Feb 16, 2017

Senate Votes To Allow Mentally Ill Claimants With Rep Payees To Buy Guns

     The Senate has now joined the House of Representatives in voting to block regulations adopted during the Obama Administration that would have prevented some individuals with representative payees drawing disability benefits from Social Security from buying firearms. 
     Great work by all those in the Obama Administration who slow walked these regulations. The GOP couldn't have blocked these regs without your help. Oh, I know, you rushed it from Notice of Proposed Rule-Making (NPRM) to Final Regulation. I'm talking about all the time this was being ever so slowly considered before the NPRM was published.

12 comments:

Anonymous said...

They would have anyway Chuck. They would have just stuck it in a must pass CR or passed it through reconciliation. They have total control, elections have consequences. The NRA always wins.

Anonymous said...

Am I entirely wrong in understanding that the now repealed rules would only require gun store owners be informed that the purchaser has a representative payee and would not have actually prevented the gun store owner from selling the gun?

Anonymous said...

The Consortium for Citizens with Disabilities wrote a letter asking the Senate to nullify. Their issue was that the rule unfairly scapegoats one group of citizens--beneficiaries allowed on a mental impairment with rep payees--on the basis of zero evidence (e.g. if the preponderance of (any?) mass shooters had fit this category, I think we would have heard about it.)

To be allowed for a DI benefit, one needs substantial medical evidence, so basically the rule implied that those who received treatment for an illness were a greater danger to society than those who hadn't. Is this an incentive for someone to seek treatment?

In addition, it violated the privacy pledge SSA made when they first issued SSNs and created a slippery slope re: medical records (what group do we next discriminate against without due process based on confidential information?) I am very surprised that a disability lawyer who one would think would be an advocate for his clients equal rights under the law would support this rule.

Anonymous said...

Just a point - there are many reasons beyond "mass shootings" that someone who has both a rep payee and a debilitating mental illness should not be able to purchase a gun. Suicide being the number one reason. To suggest than anyone with a mental illness on DI would have been reported to NICS is a blatant misrepresentation of what this rule proposed. This was a specific subset. And I would be interested in the argument for why someone who fit that subpopulation should reasonably be allowed to purchase a gun? SCOTUS has already ruled that there can be restrictions, so don't give me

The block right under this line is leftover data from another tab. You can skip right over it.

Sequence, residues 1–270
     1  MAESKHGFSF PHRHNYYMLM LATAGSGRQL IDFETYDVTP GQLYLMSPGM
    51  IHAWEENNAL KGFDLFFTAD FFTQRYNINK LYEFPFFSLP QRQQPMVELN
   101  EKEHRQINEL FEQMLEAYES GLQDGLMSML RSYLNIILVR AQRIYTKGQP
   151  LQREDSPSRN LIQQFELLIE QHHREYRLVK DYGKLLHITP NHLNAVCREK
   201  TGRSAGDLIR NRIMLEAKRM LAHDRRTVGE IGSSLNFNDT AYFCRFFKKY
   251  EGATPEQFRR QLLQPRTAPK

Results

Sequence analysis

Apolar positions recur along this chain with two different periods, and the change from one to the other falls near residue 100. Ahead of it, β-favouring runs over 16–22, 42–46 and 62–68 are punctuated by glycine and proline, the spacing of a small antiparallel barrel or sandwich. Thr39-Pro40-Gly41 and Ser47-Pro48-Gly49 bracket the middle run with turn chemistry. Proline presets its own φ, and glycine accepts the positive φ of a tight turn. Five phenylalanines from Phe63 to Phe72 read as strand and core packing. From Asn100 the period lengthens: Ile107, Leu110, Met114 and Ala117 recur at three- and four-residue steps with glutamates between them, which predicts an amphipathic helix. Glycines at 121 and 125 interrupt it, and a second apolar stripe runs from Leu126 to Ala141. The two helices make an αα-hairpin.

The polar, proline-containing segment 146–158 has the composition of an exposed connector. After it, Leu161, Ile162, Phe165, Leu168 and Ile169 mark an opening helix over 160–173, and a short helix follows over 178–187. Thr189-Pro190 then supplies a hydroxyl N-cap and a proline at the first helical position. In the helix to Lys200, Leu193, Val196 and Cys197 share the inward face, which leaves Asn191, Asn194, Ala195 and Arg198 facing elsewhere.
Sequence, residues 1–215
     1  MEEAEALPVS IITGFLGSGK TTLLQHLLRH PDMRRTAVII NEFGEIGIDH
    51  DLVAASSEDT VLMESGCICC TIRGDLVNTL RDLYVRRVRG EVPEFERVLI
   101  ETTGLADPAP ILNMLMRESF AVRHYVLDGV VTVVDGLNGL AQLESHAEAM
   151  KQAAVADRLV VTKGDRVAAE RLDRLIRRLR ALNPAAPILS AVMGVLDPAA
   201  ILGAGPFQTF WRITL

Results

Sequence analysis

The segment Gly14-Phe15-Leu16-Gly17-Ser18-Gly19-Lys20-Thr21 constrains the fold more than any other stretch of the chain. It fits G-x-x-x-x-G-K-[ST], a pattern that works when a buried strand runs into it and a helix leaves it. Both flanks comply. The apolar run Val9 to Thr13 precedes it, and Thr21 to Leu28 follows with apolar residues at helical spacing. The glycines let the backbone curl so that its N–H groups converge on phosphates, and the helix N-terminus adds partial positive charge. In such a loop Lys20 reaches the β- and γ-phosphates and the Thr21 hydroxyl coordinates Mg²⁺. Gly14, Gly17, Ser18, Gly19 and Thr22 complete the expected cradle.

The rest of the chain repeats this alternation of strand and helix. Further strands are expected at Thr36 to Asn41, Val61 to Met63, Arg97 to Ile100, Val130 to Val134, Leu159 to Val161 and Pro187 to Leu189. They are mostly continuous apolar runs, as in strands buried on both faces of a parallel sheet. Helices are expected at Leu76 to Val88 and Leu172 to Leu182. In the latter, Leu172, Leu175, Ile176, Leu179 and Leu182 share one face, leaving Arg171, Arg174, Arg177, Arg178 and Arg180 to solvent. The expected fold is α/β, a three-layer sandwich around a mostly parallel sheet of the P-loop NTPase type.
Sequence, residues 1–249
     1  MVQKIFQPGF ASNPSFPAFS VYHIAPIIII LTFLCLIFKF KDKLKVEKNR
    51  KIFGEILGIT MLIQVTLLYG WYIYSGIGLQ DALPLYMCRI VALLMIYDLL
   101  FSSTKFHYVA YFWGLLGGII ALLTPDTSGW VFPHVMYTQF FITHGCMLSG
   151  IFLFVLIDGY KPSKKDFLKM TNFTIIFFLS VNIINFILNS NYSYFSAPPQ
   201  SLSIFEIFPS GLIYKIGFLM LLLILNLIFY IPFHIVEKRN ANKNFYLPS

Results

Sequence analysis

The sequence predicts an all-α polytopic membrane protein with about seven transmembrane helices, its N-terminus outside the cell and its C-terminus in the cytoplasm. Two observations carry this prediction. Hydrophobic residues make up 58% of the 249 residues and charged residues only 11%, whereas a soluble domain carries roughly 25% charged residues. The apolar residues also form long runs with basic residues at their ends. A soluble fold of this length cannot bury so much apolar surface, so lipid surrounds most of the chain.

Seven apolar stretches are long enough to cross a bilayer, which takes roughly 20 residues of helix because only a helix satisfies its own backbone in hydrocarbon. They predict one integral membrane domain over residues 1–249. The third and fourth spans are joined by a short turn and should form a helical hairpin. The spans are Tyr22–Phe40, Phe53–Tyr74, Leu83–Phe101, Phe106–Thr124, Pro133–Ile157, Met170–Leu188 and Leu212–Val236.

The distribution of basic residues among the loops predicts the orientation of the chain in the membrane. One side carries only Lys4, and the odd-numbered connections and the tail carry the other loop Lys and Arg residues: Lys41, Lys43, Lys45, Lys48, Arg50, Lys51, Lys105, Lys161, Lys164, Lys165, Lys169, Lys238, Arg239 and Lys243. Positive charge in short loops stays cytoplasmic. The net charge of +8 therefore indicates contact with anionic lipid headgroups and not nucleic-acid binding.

"2nd Amendment" blah blah blah. And there are due process protections through the ability to appeal.

Anonymous said...

Should someone with a rep payee be prevented from performing parental duties, or even the ability to become pregnant or father a child? Should they be denied the ability to live alone? What other civil rights can be denied? How detailed must documentation be to justify what a disabled person is legally allowed to do? What are the due process rights for establishing this, and can a decision be appealed up to the Supreme Court? Will they be provided free legal help?

Anonymous said...

That well-known right-wing paramilitary group the ACLU also opposed this rule.

Anonymous said...

The ACLU is certainly not always right.

Anonymous said...

How many felons that cannot legally own a firearm will be voting for this provision in Congress?

Anonymous said...

Fitting that it happened on a day when I met with a new client that will most probably be found in need of a representative payee. I commented to my office manager that it would not surprise me if he went postal...

Sarah P said...
This comment has been removed by the author.
M.R. Hawks said...

Examples of people who have representative payees: cancer patients, people who have MS or other serious illnesses, ex-Veterans and others who have mobility challenges, and those who have suffered head injury and many other people who have never committed violent crimes, or any crime for that matter. The ONLY people who should be restricted from guns are those who have a history of violence. This was badly done from the beginning and THAT'S why it was unsuccessful. You are targeting the wrong individuals.

M.R. Hawks said...

Examples of people who have representative payees: cancer patients, people who have MS or other serious illnesses, ex-Veterans and others who have mobility challenges, and those who have suffered head injury and many other people who have never committed violent crimes, or any crime for that matter. The ONLY people who should be restricted from guns are those who have a history of violence. This was badly done from the beginning and THAT'S why it was unsuccessful. You are targeting the wrong individuals.